If your interested in seeing how the new Intel M's perform check out the new Lenovo Helix 2, it's a pretty incredible tablet, also fanless, comes in either the 800Mhz ($980, 4Gb, 128GB SSD) or 1.1Ghz ($1400, 8GB, 256GB) versions, price includes keyboard. I just might grab one, only 9.5mm thick, metal housing, sexy design, yummy.


    [video]
  • Reply 94 of 112
    wizard69wizard69 Posts: 12,791member
    relic wrote: »
    I paid about 300 for mine, I'm still in doubt the Mac Pro will utilize it though. Where exactly would it go, the Mac Pro is already pretty packed tight and even with out the fans the Pi is a fairly large card. It's a pretty neat piece of tech none the less, I would recommend grabbing a used HP Z Wokstation from eBay if you want to play around with one, installation and support is fantastic with them.
    My thought is that the next revision Phi could replace the Xeon system processor in the Mac Pro. The update is suppose to be solid enough that it can realistically serve as a system processor. There are negatives going that way as core performance running integer codes isn't that great but on the other hand you have sixty cores. Since so much of what the Mac Pro supports is multi threaded software that can leverage lots of cores it would seem like a good fit. Especially wide vector processor cores coming in the next Phi.
    If your interested in seeing how the new Intel M's perform check out the new Lenovo Helix 2, it's a pretty incredible tablet, also fanless, comes in either the 800Mhz ($980, 4Gb, 128GB SSD) or 1.1Ghz ($1400, 8GB, 256GB) versions, price includes keyboard. I just might grab one, only 9.5mm thick, metal housing, sexy design, yummy.
    That is a neat looking device. It looks like Lenovo Is continuing the high quality that IBM had whe it owned the division. My problem is that I'm very type A personality wise and frankly I'm not sure I could tolerate the slow processor.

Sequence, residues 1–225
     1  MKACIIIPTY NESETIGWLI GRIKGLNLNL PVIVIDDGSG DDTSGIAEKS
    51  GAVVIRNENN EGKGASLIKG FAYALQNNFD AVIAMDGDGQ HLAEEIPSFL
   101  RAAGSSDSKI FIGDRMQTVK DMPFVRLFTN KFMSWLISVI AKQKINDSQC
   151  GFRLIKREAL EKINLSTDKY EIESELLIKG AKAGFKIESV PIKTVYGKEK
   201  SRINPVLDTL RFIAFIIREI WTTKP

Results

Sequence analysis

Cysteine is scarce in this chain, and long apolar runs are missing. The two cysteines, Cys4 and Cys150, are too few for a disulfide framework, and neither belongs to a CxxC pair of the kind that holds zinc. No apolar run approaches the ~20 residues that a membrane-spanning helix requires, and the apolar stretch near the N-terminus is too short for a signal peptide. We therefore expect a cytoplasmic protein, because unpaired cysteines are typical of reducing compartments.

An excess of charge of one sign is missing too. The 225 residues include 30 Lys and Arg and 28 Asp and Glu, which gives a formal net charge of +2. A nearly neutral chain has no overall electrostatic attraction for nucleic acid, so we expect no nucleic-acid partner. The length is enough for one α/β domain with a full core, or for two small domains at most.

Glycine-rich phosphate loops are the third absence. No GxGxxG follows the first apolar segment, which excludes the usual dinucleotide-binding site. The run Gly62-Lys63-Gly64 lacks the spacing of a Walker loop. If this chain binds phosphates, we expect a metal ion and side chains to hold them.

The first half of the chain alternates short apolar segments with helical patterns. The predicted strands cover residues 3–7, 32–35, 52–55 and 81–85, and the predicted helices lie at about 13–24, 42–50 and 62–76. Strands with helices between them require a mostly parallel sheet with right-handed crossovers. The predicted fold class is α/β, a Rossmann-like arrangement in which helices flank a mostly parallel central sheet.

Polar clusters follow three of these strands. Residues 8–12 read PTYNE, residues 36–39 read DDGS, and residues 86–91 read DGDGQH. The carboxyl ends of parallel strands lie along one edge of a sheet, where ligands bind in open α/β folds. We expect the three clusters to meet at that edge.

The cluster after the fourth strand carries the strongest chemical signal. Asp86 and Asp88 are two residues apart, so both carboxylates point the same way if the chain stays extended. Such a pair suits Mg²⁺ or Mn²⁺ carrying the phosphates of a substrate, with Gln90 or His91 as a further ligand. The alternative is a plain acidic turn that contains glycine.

[video]

    The other problem I have is that I want to build a CNC machine which is crimping my technology budget significantly.
  • Reply 95 of 112
    hmmhmm Posts: 3,405member
    Quote:

    Originally Posted by wizard69 View Post





    That is a neat looking device. It looks like Lenovo Is continuing the high quality that IBM had whe it owned the division.

    I've never owned one. Others have mentioned that quality has slipped since the days of IBM. Under IBM they were quite possibly the most durable laptops ever made excluding those designed for military use. Pricing is a lot lower under Lenovo.

  • Reply 96 of 112
    wizard69wizard69 Posts: 12,791member
    hmm wrote: »
    I've never owned one. Others have mentioned that quality has slipped since the days of IBM. Under IBM they were quite possibly the most durable laptops ever made excluding those designed for military use. Pricing is a lot lower under Lenovo.

    Interesting, I have not heard that but then agian my interest in laptops is mostly focused on Macs. As far as being cheaper that is likely something any company could accomplish given IBM's business structure.
  • Reply 97 of 112
    hmmhmm Posts: 3,405member
    Quote:

    Originally Posted by wizard69 View Post





    Interesting, I have not heard that but then agian my interest in laptops is mostly focused on Macs. As far as being cheaper that is likely something any company could accomplish given IBM's business structure.



    I don't have a good confirmation on any of that. I've just read it repeatedly. Most of them still seem satisfied with the newer ones, but suggest that things are flimsier than when they were made by IBM. I've seen the IBM ones. They were tanks, and they even made Apple's notebooks at the time look inexpensive. This was long before Apple had a $900 Air. I didn't mean slightly cheaper. The difference was considerable. Lenovo's markup is very high on thinkpad ram, but it's easily user serviceable.

  • Reply 98 of 112
    aquaticaquatic Posts: 5,602member